On Church Communion - Part Iv. Poem by John Byrom

On Church Communion - Part Iv.

A Christian, in so catholic a sense,
Can give to none, but partial minds offence;
Forc'd to live under some divided part,
He keeps entire the union of the heart,
The sacred tie of love; by which alone
Christ said that his disciples should be known.

He values no distinction, as profest
By way of separation from the rest;
Oblig'd in duty, and inclin'd by choice,
In all the good of any to rejoice;
From ev'ry evil, falsehood, or mistake,
To wish them free, for common comfort's sake.

Freedom, to which the most undoubted way
Lies in Obedience (where it always lay)
To Christ himself, who with an inward call
Knocks at the door, that is, the heart of all.
At the reception of this heav'nly guest
All good comes in, all evil quits the breast.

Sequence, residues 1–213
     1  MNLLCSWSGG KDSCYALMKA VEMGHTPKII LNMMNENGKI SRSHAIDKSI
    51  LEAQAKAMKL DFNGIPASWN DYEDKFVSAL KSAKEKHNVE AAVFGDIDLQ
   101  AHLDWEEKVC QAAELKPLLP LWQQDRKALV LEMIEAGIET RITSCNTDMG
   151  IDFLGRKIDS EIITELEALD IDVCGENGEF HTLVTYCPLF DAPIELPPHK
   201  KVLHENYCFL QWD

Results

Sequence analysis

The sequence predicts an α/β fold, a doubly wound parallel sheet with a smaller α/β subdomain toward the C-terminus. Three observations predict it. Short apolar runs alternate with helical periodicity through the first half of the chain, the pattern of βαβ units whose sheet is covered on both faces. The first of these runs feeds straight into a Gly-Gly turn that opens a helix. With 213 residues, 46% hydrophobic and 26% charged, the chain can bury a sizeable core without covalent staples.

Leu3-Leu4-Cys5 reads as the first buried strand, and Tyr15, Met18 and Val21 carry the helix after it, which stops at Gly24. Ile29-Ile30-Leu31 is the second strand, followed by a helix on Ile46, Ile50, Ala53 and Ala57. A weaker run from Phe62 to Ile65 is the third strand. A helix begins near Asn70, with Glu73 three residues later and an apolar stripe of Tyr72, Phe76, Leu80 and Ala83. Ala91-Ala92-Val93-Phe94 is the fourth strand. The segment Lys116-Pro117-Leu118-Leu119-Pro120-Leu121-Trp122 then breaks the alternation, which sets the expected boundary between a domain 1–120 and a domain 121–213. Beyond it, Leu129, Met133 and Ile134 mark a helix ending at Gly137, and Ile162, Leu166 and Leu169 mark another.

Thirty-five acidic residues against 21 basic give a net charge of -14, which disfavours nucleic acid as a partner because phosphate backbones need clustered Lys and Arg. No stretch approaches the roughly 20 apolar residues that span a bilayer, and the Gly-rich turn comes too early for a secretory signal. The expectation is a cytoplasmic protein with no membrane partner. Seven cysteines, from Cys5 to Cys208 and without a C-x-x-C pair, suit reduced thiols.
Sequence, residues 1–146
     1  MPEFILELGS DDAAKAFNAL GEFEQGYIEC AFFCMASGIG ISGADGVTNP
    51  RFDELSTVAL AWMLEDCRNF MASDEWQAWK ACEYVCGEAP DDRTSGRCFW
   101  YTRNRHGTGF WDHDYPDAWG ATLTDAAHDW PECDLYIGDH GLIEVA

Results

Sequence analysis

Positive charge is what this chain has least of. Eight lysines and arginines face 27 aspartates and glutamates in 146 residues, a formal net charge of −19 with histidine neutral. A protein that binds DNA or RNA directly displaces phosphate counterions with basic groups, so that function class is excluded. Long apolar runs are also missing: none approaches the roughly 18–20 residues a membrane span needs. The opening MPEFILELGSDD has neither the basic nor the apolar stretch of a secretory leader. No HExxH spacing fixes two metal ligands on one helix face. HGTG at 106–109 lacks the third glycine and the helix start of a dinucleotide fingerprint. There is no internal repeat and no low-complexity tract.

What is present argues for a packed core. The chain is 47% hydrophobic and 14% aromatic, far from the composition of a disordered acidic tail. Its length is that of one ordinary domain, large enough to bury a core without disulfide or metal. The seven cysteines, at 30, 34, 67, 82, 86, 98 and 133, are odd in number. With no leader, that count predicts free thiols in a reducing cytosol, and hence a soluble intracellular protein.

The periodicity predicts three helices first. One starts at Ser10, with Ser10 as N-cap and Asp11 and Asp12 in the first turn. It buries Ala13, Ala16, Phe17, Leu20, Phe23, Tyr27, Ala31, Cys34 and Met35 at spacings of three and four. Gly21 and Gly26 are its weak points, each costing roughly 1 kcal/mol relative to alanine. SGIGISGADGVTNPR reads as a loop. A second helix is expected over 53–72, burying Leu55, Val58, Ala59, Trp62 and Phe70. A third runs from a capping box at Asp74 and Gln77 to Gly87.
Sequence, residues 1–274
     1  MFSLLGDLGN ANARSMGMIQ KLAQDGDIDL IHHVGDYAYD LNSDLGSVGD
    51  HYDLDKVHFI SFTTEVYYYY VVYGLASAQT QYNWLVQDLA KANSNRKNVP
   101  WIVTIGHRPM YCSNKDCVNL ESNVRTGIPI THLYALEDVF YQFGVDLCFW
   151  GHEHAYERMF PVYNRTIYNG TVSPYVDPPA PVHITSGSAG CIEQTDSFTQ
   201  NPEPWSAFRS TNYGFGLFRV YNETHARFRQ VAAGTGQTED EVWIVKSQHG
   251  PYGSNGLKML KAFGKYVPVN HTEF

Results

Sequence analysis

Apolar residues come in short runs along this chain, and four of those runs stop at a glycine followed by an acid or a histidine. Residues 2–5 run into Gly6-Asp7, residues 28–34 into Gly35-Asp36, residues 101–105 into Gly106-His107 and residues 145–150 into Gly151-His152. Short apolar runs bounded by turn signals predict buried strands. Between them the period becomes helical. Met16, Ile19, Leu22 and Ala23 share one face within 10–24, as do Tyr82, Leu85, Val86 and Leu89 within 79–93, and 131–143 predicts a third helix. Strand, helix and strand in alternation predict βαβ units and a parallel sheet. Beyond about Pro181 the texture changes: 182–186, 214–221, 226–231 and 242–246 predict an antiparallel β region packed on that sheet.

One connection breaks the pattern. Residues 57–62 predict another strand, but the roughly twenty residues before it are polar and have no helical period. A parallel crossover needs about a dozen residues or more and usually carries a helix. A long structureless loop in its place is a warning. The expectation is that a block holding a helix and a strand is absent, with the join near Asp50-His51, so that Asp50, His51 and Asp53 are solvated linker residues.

The free receiver, then becomes content
With what God orders, or does not prevent
To them that love him, all things, he is sure,
Must work for good, though how, may be obscure;
Even successful wickedness when past,
Will bring to them some latent good at last.

Fall'n as divided churches are, and gone
From the perfection of the Christian one.
Respect is due to any that contains,
The venerable, though but faint remains.
Of ancient rule, which had not, in its view
The letter only, but the spirit too.

When that variety of new-found ways,
Which people so run after in our days,
Has done its utmost, - when,
Lo here, lo there,

Shall yield to inward seeking and sincere;
What was at first, may come to be again,
The praise of Church-assemblies amongst men.

Mean while, in that to which we now belong,
To mind in public lesson, pray'r and song,
Teaching and preaching what conduces best,
To true devotion in the private breast,
Wishing increase of good to ev'ry soul
Seems to be our concern upon the whole.

To God, and Christ and holy angels stand,
Dispos'd to ev'ry Church, in ev'ry land,
The growth of good still helping to compleat,
Whatever tares be sown among the wheat;
Who would not wish to have, and to excite,
A disposition so divinely right?

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